So how do you run faster for longer? This involves developing two different aspects of your running, simultaneously: building endurance and increasing leg speed.
Probably the biggest fault that I see most runners make is that they tend to run all of their training sessions at the same intensity and distance. This is fine if you are running just to keep fit or to keep the weight off, but in order to improve significantly, you will have to shake things up a bit.
Let’s look at developing endurance first. This is actually easy to do, and basically involves around slowly increasing the time or distance on your Long Slow Run (LSR). The LSR should normally be run at an easy pace where your heart remains in its aerobic zone. This works the so called ‘slow-twitch’ muscles and also promotes the conversion of fat into energy in the body. If you are training for an event that is over two hours long, you will almost entirely be in this aerobic state for the duration, and your LSR becomes the most important workout of your training week. It is more about time on your feet as opposed to distance or pace.
When starting to lengthen your LSR, it is vital that you increase the time on your legs in slow increments, and never more than by 10% in any one week. The idea is to build up your endurance so that you are around your planned race length (for a marathon, for example, around 20 miles would be sufficient for a LSR ) but not over it (unless you are advanced). Part of the secret is to allow the body to recover from these long runs, and adding too much mileage will lead to over-training and possible injury.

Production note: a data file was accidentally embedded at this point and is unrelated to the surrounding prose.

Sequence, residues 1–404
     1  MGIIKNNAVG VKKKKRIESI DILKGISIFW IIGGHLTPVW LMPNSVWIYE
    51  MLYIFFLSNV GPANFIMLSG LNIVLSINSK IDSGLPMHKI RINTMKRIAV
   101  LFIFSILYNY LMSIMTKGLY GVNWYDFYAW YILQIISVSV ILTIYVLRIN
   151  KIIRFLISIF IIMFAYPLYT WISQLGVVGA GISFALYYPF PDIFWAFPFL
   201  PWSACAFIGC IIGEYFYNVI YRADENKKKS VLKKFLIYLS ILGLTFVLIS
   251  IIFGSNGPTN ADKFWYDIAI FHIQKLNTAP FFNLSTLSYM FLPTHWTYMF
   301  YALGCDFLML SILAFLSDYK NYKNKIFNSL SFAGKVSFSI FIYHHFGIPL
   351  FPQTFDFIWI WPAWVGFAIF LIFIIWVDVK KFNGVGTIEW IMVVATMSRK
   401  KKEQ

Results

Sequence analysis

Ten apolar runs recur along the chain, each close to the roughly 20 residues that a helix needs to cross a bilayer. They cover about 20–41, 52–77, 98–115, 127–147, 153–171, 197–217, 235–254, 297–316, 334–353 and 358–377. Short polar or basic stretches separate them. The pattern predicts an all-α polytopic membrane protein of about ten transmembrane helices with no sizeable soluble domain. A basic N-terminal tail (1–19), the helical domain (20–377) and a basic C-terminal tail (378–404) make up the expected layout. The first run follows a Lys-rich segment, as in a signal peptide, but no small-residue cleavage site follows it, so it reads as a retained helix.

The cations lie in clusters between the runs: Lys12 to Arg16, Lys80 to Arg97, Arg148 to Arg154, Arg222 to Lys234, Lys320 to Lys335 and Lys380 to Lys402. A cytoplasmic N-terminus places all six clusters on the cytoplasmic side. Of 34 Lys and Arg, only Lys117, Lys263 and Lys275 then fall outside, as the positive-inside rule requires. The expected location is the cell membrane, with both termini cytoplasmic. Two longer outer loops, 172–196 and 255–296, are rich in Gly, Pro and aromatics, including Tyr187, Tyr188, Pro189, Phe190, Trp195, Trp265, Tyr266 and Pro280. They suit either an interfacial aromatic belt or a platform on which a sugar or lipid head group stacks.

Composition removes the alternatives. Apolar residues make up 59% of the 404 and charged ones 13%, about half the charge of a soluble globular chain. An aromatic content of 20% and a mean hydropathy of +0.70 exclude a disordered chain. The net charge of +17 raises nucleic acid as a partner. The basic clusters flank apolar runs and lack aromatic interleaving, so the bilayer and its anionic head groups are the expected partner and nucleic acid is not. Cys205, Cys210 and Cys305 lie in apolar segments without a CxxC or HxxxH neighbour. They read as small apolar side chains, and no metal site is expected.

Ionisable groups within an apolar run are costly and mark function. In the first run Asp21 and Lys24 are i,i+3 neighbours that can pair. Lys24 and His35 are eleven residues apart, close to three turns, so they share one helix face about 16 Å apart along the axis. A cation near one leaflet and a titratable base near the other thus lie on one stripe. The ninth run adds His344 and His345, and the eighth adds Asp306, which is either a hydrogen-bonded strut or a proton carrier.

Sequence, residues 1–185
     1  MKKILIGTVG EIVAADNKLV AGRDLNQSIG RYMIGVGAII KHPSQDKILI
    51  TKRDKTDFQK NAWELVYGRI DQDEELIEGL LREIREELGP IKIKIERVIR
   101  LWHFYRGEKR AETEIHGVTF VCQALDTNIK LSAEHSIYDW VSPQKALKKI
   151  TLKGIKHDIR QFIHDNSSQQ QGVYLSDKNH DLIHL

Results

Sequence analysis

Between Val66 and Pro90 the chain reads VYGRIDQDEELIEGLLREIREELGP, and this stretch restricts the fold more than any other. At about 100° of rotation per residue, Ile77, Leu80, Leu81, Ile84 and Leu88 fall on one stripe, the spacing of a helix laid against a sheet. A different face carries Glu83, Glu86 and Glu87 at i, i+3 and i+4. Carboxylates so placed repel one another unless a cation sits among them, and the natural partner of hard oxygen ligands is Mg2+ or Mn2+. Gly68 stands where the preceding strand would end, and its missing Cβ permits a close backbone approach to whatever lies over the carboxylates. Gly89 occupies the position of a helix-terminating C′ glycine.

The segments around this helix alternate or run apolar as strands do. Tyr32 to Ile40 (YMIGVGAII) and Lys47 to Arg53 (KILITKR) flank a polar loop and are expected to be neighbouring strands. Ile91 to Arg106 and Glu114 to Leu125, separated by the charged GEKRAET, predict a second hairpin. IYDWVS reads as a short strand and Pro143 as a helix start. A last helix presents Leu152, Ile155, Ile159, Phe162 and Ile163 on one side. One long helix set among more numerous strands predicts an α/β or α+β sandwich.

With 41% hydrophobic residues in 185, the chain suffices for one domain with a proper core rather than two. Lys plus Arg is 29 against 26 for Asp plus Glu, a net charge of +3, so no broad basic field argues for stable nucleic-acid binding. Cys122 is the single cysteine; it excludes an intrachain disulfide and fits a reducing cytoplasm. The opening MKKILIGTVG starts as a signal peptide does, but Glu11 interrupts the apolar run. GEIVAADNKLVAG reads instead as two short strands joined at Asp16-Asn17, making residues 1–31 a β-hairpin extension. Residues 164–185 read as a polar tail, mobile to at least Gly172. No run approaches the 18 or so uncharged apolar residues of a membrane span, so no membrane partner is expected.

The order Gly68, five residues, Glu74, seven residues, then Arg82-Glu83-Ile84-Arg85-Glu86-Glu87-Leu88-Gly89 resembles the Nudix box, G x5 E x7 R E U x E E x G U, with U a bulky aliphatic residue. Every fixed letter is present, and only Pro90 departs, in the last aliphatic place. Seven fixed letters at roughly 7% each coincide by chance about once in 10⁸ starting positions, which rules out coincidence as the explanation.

Let’s add some speed
The second aspect is developing leg speed, and this will involve going into an anaerobic state, where training sessions will activate the so-called ‘fast-twitch’ muscles. The body also sources its energy from sugar (glucose) during this time.
In order to increase your leg speed, you would need to introduce one speed session a week. Once again, if you are new to these, you would have to build the intensity in small increments. A great workout for beginners is a fartlek session. The word ‘Fartlek’ means ‘Speed Play’ in Swedish, and involves interspersing easy running with harder sections. It does not have to be structured at all, and could even involve a mixture of walking and running.
If you prefer more a more structured approach, then you can run repeats over a 400m or 800m distance, at faster than 5km pace. The amount of repeats would depend on your fitness level and target race distance. The repeats session could also be run up-and-down an incline (hard up; easy down) every few weeks in order to build strength. The important thing with a session like this, is that you need to fully recover in between the repetitions, so that you can give maximum effort on the next one, whilst maintaining proper form. Start with 4 or 6 reps, and slowly build up to a maximum of 10. 400m repeats are better if you are training for a 10km race, whilst the 800 should be looked at if you are planning to run a marathon.
A second workout to introduce in addition to the speed session, would be a tempo run. This is where you run close to your lactate threshold over a set distance, and at a constant speed, (slightly under your 10km race pace). A good test, would be that you are unable to hold a conversation on the run, and would deem it to be an 8-out-of-10 on the toughness scale. This session will make running at harder paces seem easier as time goes by. This run could be held for a duration of between 30 and 45 minutes, and should be alternated with the speed session every second week.
A few things to look out for:
• Always warm up properly (especially for tempo or speed sessions), and then allow for a cool down.
• Never run two hard sessions on successive days
• Too much speed-work could lead to injury, and may result in regression, where performance actually gets worse.
If you only run three or four times a week, use the above, and I am certain that you will see a marked improvement. It would be a good idea to have an easy, recovery run during the week too, where you run purely for the enjoyment. It may be worth ditching the watch on this one – you’ve earned it.